All posts with more than 3000 Hits, prior to 2008

Sat Jul 28, 2007 5:05 am

David Bendeth wrote:I am more Red Jumpsuit Apparatus, Breaking Benjamin and Paramore these days, ask Doc, I amd sure he has those CD's.

Nah, of newer stuff I prefer Arcade Fire, the Shins, Clientele -- you know, bands that never heard of you.

Sat Jul 28, 2007 5:11 am

Hello David,

No I don't have another brother named "Darrell" and "Darryl." Nor do I have a brother "Larry." If I had a nickel for every time I've been asked that, I'd probably be a millionaire by now. BTW, I loved "Newhart."

BTW, is it really possible to break into someone's iTunes account? I never really thought about it before. Not that I would want to or anything.

As for Doc. Carpenter, your comments on him David were accurate. He thinks your comments were "out of the blue." It's quite obvious that Doc is oblivious to the fact that he is ignorant and arrogant all rolled into one avatar.

Daryl

Sat Jul 28, 2007 5:47 am

ronnyg wrote:I am sure that if BMG believed Elvis' original catalogue sold more, those titles would be out there. I believe a lot of Elvis' original albums were out in CD form in the late 80s and early 90's and then the key titles were put out again a few years ago with bonus tracks. Apparently, they didn't sell. My guess is that if they had sold well, they would still be available.

Comparing Miles Davis' and Elvis' respective catalogues is like comparing apples to oranges. When Miles Davis recorded, he ran a series of sessions with the knowledge that the material was going into the next album. I think the exceptions would have been the Quiet Nights album and the song Nothing Like You from Sorcerer. The rest of his albums all contained music recorded specifically for the albums that came out respective to the sessions. Elvis recorded songs and they were released piecemeal on albums scattered throughout his career so it is not as important for his albums to be kept together with the possible exceptions that I noted earlier. These albums are more important to the hardcore fans who already have them. Someone else pointed out that you cannot get an understanding of Elvis' career without knowing these albums. This is true but it is the perspective of a more intense fan, not a casual consumer. I like the song Buddy Hollly by Weezer so I bought the disc, but I don't necessarily want a deeper understanding of their career.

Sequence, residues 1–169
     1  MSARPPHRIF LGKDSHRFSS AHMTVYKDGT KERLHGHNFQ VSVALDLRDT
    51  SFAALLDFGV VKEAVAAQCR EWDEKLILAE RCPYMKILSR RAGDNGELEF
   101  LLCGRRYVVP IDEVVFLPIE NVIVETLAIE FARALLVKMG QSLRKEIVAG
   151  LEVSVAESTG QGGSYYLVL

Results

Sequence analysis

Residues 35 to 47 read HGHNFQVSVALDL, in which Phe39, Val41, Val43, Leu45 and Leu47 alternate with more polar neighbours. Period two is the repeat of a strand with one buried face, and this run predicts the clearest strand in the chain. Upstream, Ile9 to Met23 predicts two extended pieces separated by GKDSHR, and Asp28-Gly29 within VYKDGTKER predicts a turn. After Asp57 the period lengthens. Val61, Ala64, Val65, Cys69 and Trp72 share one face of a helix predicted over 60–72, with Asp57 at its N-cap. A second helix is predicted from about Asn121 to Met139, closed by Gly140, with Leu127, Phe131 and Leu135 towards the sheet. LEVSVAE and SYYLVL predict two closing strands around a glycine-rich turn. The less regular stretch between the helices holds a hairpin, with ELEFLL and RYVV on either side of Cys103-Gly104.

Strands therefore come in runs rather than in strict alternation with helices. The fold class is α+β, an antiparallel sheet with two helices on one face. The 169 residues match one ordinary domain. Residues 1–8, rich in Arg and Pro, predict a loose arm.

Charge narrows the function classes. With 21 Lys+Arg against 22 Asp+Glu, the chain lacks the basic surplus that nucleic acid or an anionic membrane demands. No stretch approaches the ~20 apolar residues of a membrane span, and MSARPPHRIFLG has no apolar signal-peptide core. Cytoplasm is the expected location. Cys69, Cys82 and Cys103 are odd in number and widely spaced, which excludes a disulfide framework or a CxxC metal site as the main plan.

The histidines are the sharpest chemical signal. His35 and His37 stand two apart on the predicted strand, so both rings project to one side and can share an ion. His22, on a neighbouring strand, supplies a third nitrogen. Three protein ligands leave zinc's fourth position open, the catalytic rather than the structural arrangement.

You continue to miss the point. A catalogue by one of music's most important and influential artists should have the majority of its titles in print. Record labels keep many titles in print by legacy artists even when they are not "big" sellers. With your logic, a handful of titles from The Who such as "A Quick One," "Who Sell Out," "Who By Numbers," "Face Dances" etc would be out of print. Maybe Atlantic should delete Led Zeppelin's "Presence" from the catalogue since it isn't as strong as a seller as the rest of the catalogue. A load of Bob Dylan's back catalogue doesn't move big numbers such as "John Wesley Harding" and "Planet Waves." Maybe Warner should delete The Doors' "Soft Parade," afterall, Touch Me is available on other compilations and since that title is a low seller, it is okay for a potential fan not to have a chance to later on hear Shaman's Blues. The Band's back catalogue doesn't move big numbers, maybe EMI should just issue compilations. The list goes on and on. It isn't just about strong sales, there has to be a balance between making money on compilations for casual consumers and the artistic integrity of the catalogue as a whole. The Miles Davis comparison is very valid. Davis' titles do not move big numbers, his hits and theme compilations do well along with "Kind Of Blue," yet Sony keeps the majority of the titles in print. And why not? He is a Jazz legend, much like Elvis is a Rock legend. Once a fan wants to dig deeper into the Davis catalogue, they have a large body of work at their disposal for consumption. Davis did not strickly record for one album, his sessions could yield material that would span across many albums. You act as though keeping titles in print is somehow a large financial commitment. It costs something like $1.50-$2.00 U.S. dollars to print cds. It isn't a complicated process. Legacy artists like Paul Butterfield have the bulk of their catalogues in print, do you think that catalogue moves big numbers? No, but Paul was a very influential artist and Warner keeps the titles in print. Mostly, you are diminishing Elvis' body of work by saying his original recorded output isn't worthy of being in print because in 2007 casual consumers will have no interest in potentially buying "Today" or some other mediocre album. No reason to continue going back and forth, but it is depressing to know that there are EP fans out there that actually think that by BMG/Sony keeping the majority of EP's albums off the shelves and replacing them with themed compilations that the artistic integrity and legacy of the EP catalogue is somehow going in a positive direction.